Larry Bowoto's left arm is still scarred and numb where a soldier's bullet struck it in 1998 while he was aboard a Chevron oil platform in Nigeria. During the course of the incident, Bowoto was shot several more times, another man was wounded and yet another was killed.
On Monday, in only the second trial of its kind, a federal jury will convene in San Francisco to decide whether Bowoto and his companions were violent hostage takers or innocent victims - and whether a U.S. corporation, whose foreign subsidiary summoned the security forces, is responsible for the bloodshed.
"I'm not a violent person," Bowoto, 44, said through an interpreter during a recent Bay Area visit. "We were peaceful protesters" who "never expected Chevron to be so brutal."
Chevron denies claim
The San Ramon oil company paints a different picture: Bowoto, the company says, led a group of armed men who seized the platform, demanding jobs and money, and held 200 employees captive during three days of fruitless negotiations before Chevron's Nigerian subsidiary - Chevron Nigeria Ltd. - called for military help.
"This is a case of right versus wrong, legal versus illegal, peaceful negotiation versus violent extortion," Chevron said in a statement.
In May, after Bowoto appeared at Chevron's shareholders' meeting and said the company "must give up violence as a way of doing business," CEO David O'Reilly called his remarks "outrageous" and said Bowoto was guilty of "a criminal act."
Nineteen plaintiffs, including Bowoto, accuse Chevron of colluding with a notoriously violent military force to quell the protest. The case represents a 21st century application of one of the nation's oldest laws, the Alien Tort Claims Act.
Passed by the first Congress in 1789, the law lets foreigners file damage claims in U.S. courts for international human rights violations anywhere in the world. Originally focused on sea piracy, the law took on new life with rulings in the 1980s that allowed survivors of foreign torture to sue military leaders who entered the United States.
A 2004 Supreme Court ruling limited the law's scope to the most serious abuses of internationally accepted legal standards but left the door open for suits against multinational companies that allegedly collaborate with repressive governments.
In the only such case to go to trial, a federal jury in Alabama last year absolved the Drummond coal company of responsibility for the killings of three union leaders by paramilitary forces in Colombia. Judges have dismissed several other suits, under the Supreme Court's stringent standard, and a few have been settled.
Unocal settled Burma suit
A suit against Unocal by Burmese villagers, who blamed the company for forced labor, rape and torture by soldiers at a natural gas pipeline, was scheduled for trial in Los Angeles in 2005, but the company settled it for an undisclosed amount of money. A suit similar to Bowoto's, filed against Royal Dutch Shell by Nigerians including relatives of Ken Saro-Wiwa, a writer and activist hanged by the military regime in 1995, is scheduled to go to trial in New York in February.
"Courts have been vigilant in allowing only the most well-founded cases to go forward," said attorney Marco Simons of the nonprofit advocacy group EarthRights International, a lawyer for the plaintiffs. A victory in this case, he said, would send a message to corporations operating abroad that "if they are complicit in human rights abuses, they can expect to be held accountable."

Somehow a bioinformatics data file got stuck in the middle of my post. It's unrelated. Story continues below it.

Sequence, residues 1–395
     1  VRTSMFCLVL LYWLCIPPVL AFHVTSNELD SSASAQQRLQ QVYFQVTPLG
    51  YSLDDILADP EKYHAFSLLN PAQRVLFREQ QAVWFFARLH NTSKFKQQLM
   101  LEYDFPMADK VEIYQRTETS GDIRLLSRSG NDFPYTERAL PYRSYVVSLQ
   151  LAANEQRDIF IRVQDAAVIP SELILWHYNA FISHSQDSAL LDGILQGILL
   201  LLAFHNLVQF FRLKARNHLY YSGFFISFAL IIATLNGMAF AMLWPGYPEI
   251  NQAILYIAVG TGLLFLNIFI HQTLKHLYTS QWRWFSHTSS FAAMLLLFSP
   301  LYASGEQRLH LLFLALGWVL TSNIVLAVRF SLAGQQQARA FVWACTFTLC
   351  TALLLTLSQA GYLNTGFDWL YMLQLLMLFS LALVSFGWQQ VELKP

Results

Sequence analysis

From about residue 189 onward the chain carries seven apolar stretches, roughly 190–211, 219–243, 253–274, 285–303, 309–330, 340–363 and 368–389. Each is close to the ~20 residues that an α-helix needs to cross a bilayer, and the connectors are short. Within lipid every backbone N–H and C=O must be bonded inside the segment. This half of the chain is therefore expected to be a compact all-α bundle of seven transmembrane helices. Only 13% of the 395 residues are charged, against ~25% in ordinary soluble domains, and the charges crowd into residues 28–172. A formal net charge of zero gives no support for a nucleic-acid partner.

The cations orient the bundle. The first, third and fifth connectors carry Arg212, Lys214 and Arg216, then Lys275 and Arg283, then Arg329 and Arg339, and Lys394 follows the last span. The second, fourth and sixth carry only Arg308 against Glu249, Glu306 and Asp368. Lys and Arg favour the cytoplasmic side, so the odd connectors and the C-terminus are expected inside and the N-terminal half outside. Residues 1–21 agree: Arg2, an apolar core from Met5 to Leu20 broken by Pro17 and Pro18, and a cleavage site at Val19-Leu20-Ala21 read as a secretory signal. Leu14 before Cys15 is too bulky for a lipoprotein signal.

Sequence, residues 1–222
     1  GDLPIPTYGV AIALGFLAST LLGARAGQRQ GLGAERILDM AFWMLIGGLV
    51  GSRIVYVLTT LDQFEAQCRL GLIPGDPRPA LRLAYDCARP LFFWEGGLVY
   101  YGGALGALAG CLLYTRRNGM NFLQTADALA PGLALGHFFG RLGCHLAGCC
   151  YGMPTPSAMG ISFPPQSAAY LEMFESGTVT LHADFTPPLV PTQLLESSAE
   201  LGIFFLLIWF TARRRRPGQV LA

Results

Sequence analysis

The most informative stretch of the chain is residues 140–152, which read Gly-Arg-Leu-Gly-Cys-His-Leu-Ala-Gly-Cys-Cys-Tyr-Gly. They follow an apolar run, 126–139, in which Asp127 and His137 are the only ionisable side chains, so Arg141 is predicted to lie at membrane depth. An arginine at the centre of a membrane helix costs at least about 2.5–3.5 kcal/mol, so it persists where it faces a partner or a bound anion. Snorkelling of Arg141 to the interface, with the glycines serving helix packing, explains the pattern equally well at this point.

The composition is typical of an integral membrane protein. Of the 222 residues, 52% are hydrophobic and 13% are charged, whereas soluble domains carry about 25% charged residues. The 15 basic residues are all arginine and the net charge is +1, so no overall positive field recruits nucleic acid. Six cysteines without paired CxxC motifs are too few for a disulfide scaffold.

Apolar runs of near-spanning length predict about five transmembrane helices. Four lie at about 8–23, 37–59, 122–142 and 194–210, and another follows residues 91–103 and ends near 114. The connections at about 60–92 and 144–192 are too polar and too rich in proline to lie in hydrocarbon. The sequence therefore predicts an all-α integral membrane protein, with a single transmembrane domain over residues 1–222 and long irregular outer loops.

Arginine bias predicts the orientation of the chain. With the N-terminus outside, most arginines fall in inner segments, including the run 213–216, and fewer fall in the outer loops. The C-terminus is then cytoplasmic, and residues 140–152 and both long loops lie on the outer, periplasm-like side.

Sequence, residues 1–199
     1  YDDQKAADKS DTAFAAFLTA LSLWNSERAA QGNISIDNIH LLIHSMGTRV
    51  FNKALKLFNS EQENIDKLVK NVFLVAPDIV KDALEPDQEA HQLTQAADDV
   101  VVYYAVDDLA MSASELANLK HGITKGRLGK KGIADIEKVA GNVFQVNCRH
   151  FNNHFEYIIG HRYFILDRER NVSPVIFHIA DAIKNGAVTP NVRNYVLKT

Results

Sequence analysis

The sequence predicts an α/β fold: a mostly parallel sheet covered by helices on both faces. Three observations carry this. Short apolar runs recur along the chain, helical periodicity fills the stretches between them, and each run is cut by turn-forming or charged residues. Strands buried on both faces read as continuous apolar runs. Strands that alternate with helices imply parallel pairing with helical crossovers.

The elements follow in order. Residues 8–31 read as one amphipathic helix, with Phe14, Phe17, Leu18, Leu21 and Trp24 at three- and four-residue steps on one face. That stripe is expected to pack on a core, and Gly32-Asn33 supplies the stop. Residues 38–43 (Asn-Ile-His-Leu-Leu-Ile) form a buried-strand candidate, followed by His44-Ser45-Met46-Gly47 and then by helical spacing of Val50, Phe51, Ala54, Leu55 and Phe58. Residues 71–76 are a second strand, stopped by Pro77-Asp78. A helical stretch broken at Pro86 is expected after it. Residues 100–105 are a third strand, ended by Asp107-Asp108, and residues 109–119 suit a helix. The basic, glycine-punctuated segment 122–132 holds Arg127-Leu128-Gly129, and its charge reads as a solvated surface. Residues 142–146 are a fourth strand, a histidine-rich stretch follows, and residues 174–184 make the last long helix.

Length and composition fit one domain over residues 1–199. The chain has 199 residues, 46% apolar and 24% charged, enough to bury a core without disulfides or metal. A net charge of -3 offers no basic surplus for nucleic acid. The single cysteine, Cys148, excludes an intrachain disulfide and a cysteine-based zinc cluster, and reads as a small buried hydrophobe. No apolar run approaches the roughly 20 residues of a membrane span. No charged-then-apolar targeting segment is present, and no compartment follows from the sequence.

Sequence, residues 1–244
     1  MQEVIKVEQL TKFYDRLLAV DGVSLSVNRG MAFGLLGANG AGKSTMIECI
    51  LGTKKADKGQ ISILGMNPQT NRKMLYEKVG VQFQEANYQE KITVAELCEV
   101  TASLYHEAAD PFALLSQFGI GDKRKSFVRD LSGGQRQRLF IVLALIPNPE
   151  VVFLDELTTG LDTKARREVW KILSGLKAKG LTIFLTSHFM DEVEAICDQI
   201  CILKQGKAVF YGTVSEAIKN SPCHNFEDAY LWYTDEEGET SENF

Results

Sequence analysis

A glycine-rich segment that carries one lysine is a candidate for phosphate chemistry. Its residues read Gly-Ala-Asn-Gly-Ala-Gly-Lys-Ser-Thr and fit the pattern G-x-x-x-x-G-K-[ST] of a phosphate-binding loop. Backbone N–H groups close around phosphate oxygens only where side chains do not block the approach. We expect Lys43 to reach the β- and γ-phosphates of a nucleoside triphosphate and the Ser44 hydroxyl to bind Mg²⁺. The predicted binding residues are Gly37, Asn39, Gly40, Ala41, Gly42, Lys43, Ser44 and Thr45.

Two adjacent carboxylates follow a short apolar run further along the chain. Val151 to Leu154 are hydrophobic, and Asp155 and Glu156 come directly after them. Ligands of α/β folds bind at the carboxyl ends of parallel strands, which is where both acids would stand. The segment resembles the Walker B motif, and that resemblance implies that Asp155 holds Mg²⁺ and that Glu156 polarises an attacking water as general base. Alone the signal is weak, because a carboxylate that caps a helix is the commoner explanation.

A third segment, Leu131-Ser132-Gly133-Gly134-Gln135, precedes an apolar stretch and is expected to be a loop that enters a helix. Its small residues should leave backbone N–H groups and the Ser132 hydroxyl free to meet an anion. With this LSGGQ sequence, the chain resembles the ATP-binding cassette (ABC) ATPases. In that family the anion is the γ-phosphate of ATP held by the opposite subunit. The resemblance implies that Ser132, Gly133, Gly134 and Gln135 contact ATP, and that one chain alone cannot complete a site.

Chevron, while maintaining the villagers' claims are unfounded, also says that the 1789 law "provides a financial incentive to attack U.S.-based corporations with international operations" and that the plaintiffs "are using the U.S. courts to intervene in Nigerian affairs."
The events date from May 1998, when members of the Ilaje tribe in the Niger Delta went to Chevron Nigeria's Parabe platform, 9 miles off the Atlantic coast, to protest the company's employment practices, and what they described as the destruction of fresh water, farm lands and fishing by oil drilling and dredging.
"It now takes four or five hours to find any usable water," Bowoto said in his recent interview with The Chronicle, describing the conditions that he said still exist. "It takes days to find any significant fish. The same thing has happened to farming."
Threat of 'mass riot'
Chevron, in court papers and public statements, described the protesters as a group of "armed youths" carrying machetes, knives and clubs and demanding jobs and money. The company cited letters from "Concerned Ilaje Citizens," including Bowoto, to Chevron earlier that month warning that refusal to allocate jobs fairly "could lead to mass riot" and asking, "Which language do you understand? Is it violence or sea piracy, war or peace?"
But plaintiffs' lawyers have a faxed message sent by a company official to the U.S. Embassy on the third day of the protest, describing the villagers as unarmed and saying the situation "has remained calm since their arrival."
Soldiers arrived the next morning on helicopters leased from Chevron. One villager, Arolika Irowarinum, was shot to death. Two men were wounded - Bowoto, who was shot several times, and Bassey Jeje. A fourth man, Bola Oyimbo, allegedly was beaten and tortured, and later died of unrelated causes.
Chevron says its subsidiary was simply reporting a crime when it contacted security forces and had no reason to anticipate violence. The plaintiffs counter that the company was well aware of the soldiers' violent reputation and approved the plan that led to the attack.
Those are factual disputes that a jury must resolve, U.S. District Judge Susan Illston said in a pretrial ruling. She said jurors also must decide whether Chevron's control over its subsidiary was so extensive that it should be held responsible for any wrongdoing.
The trial is scheduled to last five weeks.